SR 99 tunnel - Tunnel design

Tunnel design and safety features

  • The SR 99 tunnel is the widest single-bore tunnel in the U.S., and the longest road tunnel in the country (two miles).
  • The tunnel carries two 11-foot travel lanes in each direction, with one 8-foot shoulder and one 2-foot shoulder. 
  • There are no mid-tunnel entrances or exits. Each end of the tunnel features on- and off-ramps for northbound and southbound travel.
  • Three different types of ventilation fans keep fresh air flowing in the tunnel and make up part of the tunnel's emergency systems in case of a fire.
  • The 9,270-foot tunnel is built of more than 1,400 strong concrete and steel rings, each 6.5 feet wide. These rings are bolted together to form the tunnel, and while very sturdy, they have some flexibility to account for ground movement. This means they can move and return to their round shape. The roads inside are also designed to be flexible, allowing them to move with earthquake waves and remain functional.
  • The tunnel is designed to withstand a 9.0 earthquake, and would be a relatively safe place to be during an earthquake (video).
  • The tunnel features modern operational and safety systems that make it one of the smartest tunnels in the world (video).

Tunnel interior showing two lanes, yellow lane line at left, white walls with exit signs

How the tunnel was built

  • The SR 99 tunnel was built with the largest-diameter tunneling machine of its time (57.5 feet), nicknamed "Bertha."
  • The tunneling machine “Bertha” began tunneling beneath Seattle in July 2013, assembling the tunnel rings while digging forward (video).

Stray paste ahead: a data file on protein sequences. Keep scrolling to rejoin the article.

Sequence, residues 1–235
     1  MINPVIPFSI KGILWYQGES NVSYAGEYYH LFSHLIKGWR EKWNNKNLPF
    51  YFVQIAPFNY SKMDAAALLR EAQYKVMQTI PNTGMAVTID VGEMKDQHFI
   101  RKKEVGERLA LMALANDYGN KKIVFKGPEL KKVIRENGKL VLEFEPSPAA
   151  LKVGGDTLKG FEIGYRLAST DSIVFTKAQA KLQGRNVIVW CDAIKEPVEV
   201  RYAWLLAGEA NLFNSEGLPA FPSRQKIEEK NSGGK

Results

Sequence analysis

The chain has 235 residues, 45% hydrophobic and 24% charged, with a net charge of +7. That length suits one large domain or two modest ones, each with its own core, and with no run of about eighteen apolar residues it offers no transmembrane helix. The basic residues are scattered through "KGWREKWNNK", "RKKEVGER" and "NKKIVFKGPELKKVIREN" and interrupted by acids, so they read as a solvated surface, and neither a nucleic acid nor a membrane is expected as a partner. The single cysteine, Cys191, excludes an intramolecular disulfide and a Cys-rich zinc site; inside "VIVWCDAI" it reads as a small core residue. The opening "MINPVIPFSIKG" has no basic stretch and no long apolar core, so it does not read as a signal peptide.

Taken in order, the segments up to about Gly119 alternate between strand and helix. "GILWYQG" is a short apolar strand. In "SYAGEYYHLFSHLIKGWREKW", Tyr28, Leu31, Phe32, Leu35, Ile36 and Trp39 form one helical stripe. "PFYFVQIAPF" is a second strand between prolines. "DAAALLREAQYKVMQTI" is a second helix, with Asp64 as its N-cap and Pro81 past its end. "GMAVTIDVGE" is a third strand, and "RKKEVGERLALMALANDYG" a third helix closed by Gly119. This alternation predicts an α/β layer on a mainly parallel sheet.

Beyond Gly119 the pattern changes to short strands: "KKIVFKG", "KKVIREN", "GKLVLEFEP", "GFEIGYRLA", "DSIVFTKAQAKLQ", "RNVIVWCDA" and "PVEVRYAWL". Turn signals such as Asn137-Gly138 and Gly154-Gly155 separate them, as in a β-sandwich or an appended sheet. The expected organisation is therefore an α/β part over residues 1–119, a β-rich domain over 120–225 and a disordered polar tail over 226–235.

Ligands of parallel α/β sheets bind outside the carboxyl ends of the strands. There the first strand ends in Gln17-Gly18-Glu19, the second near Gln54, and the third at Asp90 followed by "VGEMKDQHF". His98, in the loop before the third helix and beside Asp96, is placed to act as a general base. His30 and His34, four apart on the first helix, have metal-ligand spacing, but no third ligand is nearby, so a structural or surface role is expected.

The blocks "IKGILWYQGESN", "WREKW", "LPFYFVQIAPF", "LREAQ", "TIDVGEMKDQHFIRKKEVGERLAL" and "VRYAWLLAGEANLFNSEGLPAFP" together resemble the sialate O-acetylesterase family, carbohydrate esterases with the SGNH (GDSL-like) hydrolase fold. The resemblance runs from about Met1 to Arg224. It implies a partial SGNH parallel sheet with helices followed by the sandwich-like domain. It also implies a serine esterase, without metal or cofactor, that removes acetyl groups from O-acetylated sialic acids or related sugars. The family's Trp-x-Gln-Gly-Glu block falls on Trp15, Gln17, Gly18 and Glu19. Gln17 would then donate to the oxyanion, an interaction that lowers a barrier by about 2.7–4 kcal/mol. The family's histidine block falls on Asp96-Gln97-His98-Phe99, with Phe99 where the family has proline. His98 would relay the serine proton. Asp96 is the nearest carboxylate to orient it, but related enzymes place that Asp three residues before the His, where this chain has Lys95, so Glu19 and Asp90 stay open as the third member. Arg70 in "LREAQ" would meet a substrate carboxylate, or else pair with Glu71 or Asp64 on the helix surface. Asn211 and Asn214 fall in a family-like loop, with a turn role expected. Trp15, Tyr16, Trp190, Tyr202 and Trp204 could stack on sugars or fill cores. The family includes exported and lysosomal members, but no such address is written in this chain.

• In December 2013, approximately 1,000 feet into the tunnel drive, the machine overheated and stopped moving forward. After ruling out a blockage as the cause, Seattle Tunnel Partners discovered contamination in the machine’s seal system, which protects the main bearing. Seattle Tunnel Partners and machine manufacturer Hitachi-Zosen opted to lift the machine's cutterhead out of the ground for repairs.
  • Crews built a 120-foot deep pit to reach the cutterhead and extract it in March 2015 for repairs. Disassembly uncovered additional damage to the machine. Repairs were completed in December 2015 and tunneling resumed in early 2016. 
  • On April 4, 2017, Bertha completed the tunnel drive by breaking through into the receiving pit at the tunnel’s north end, near Seattle’s Space Needle.
  • The machine was fully dismantled within that pit and removed pice by piece, while crews completed the tunnel's roadway decks.
  • The tunnel opened to drivers on February 4, 2019.

Large pit with tunneling machine head visible after breaking through pit's far wall. Wall is braced with large metal beams.